Charles Darwin was an amateur. Like most of the people practicing science at the time, Darwin had no official position, no job, no doctorate, and no government grants. He did his work on his own time, funded by his private income.
It would seem impossible for such an amateur to exist today, or to make the kind of world-changing discoveries that professional scientists make. Yet Kerry Knudsen, at the University of California, Riverside, fits right into Darwin’s model, even if he got started a little later than the famous biologist.
Knudsen has no degrees, and doesn’t get paid for his work at UCR. But over the last 14 years, he has turned himself from a construction worker on disability into one of the world’s leading authorities on lichens. There aren’t that many in the world, he says, “and I’m the only lichenologist in California.”
Forced to retire from the construction industry because of a blood-clot disorder, Knudsen planned to go to college and earn a bachelor’s and then a doctorate in botany. But he was turned down by the California Department of Rehabilitation for educational financing. One day, he said, he decided to go out his back door and “whatever was growing there, that’s what I’ll study.” The first organism he came across was a lichen.
Lichens are unusual organisms, a symbiotic composite of a fungus and a photosynthetic partner, usually an algae or a cyanobacterium. They can be found in the most varied places – deserts, arctic tundra, rain forests, rock formations, roofs of houses. Yet they can be extremely sensitive to smog and pollution, and form a “canary in the mine” for Southern California.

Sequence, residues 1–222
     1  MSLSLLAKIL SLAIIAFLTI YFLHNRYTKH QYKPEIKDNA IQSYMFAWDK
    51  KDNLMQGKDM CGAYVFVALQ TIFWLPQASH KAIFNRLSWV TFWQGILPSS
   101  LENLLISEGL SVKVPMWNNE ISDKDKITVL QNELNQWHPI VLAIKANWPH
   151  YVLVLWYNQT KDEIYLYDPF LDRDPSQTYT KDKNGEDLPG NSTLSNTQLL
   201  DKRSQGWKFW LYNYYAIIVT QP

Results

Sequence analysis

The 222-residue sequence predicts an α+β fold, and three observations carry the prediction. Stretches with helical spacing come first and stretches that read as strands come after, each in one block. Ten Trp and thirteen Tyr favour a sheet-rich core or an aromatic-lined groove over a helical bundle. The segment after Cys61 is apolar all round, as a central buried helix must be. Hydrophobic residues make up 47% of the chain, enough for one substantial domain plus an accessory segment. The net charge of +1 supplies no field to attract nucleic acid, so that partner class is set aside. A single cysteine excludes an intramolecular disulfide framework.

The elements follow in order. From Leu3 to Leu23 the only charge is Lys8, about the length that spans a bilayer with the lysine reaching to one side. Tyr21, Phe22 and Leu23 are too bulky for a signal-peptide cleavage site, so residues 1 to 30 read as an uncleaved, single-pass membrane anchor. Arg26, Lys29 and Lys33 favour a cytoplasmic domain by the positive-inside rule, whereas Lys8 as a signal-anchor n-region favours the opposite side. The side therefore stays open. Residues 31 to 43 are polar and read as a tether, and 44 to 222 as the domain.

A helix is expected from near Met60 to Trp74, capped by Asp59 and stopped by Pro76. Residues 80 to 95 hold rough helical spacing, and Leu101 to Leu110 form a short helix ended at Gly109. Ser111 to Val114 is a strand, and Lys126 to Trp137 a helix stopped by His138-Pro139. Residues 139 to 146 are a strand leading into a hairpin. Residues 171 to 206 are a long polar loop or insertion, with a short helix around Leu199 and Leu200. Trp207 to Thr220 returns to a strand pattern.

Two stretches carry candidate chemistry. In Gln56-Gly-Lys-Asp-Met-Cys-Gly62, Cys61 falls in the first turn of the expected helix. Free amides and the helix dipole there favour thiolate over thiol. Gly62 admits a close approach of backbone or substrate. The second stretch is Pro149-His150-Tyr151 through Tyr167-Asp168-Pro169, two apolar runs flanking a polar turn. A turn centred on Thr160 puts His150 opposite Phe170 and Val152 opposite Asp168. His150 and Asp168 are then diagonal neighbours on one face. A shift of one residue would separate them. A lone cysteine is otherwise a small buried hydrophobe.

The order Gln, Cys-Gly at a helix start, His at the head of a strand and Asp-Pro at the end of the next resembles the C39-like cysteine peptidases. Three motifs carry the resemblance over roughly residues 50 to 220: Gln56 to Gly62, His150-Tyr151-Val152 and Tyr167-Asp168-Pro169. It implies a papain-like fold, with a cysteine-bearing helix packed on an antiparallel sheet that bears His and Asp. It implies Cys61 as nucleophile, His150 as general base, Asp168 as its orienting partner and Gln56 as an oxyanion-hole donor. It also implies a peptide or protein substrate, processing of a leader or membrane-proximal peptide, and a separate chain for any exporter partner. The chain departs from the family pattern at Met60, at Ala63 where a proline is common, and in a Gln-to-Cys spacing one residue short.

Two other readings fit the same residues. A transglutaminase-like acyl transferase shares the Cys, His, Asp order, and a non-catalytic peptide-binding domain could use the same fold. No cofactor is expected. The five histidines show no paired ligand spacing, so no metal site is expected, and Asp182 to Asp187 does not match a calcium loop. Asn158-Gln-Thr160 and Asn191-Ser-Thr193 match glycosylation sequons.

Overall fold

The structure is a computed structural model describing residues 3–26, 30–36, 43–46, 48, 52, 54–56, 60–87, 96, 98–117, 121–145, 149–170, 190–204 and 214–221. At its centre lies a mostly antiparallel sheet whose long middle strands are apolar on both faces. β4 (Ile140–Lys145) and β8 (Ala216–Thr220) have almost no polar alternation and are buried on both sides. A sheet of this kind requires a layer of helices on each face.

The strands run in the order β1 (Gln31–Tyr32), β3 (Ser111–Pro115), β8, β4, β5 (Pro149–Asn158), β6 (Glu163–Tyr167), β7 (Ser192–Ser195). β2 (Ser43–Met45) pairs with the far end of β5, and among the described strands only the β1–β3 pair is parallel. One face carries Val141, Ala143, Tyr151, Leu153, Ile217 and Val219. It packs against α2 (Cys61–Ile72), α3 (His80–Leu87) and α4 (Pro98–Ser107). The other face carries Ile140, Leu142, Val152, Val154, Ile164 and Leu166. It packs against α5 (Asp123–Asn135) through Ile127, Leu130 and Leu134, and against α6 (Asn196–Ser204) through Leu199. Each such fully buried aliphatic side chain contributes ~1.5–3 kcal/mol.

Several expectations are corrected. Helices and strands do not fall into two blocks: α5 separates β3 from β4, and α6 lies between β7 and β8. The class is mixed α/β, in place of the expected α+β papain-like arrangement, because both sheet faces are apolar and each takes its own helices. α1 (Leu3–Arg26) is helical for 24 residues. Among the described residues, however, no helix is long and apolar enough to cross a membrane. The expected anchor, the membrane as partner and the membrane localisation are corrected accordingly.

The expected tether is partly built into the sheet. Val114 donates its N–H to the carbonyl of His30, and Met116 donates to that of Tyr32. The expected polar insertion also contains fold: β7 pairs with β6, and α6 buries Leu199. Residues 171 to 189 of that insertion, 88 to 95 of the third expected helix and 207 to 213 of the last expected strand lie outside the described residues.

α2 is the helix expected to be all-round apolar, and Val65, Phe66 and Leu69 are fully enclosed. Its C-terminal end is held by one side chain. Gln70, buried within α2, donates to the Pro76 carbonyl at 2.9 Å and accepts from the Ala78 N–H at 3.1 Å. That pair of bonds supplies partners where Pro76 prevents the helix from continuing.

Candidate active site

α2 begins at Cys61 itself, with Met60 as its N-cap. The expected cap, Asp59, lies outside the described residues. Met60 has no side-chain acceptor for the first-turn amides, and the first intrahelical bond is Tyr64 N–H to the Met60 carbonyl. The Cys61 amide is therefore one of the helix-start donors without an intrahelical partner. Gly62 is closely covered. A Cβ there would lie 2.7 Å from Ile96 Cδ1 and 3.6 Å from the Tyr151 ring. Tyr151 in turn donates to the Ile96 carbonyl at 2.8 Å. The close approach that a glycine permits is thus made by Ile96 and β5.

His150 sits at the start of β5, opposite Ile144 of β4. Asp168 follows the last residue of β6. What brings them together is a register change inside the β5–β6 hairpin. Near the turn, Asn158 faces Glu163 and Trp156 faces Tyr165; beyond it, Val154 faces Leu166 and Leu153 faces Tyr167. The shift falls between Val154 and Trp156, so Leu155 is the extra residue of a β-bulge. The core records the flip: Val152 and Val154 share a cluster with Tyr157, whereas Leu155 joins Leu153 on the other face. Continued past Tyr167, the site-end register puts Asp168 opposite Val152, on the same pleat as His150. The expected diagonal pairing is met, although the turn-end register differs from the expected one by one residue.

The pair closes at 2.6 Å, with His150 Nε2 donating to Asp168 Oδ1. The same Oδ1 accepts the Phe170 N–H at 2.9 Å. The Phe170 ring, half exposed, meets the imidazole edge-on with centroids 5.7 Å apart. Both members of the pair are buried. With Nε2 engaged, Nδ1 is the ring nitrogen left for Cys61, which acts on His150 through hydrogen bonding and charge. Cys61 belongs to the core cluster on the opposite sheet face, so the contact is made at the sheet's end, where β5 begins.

“There are 1,500 lichen species in California,” said Knudsen, 15,000 worldwide, “and we’re losing species faster than we’re describing them. We need taxonomists to describe what’s there.” Taxonomy, he said, is the study of new species, the study of diversity, and it is in this area that Knudsen has made his reputation. In the world of lichenology, he is famous.
His most well-known new species has been Coloplaca obamae. “I was writing the paper [describing the species] while Obama was giving his acceptance speech,” said Knudsen. “I named it because of his support for scientific projects.”
Knudsen has written more than 170 scientific papers, has described more than 50 new lichen species, and has had 4 species named for him. He receives requests for his expertise from all over the world. He began at his kitchen table, but soon it was suggested that he associate himself with a university, so in 2003 he came to UCR’s Herbarium and volunteered. Andy Sanders, the Herbarium’s director, was thrilled. “He had about 200 lichens someone had given him,” said Knudsen, “and was hoping I would build a collection for him.” Today that collection numbers 17,000 specimens.
Now, after 14 years, Knudsen will finally be earning a paycheck as a lichenologist. This fall he takes up an academic appointment at the Czech University of Life Sciences in Prague, with a worker’s visa, health insurance, and a salary. He will be joining his wife, Jana Kocourkova, also a lichenologist at the Czech university. They have known each other for seven years and been married for two, giving new meaning to the phrase “long-distance relationship.” Knudsen will be working with scientists from Turkey, Sweden, Italy, and China on the Acarosporaceae family of lichens, on which he is the acknowledged world’s expert. He expects to live in the Czech Republic most of the time, but will return to California, and UCR, some portion of each year.
Twenty years ago, Knudsen says, “I never would have imagined my life would turn out like this. Lichens have been good to me.”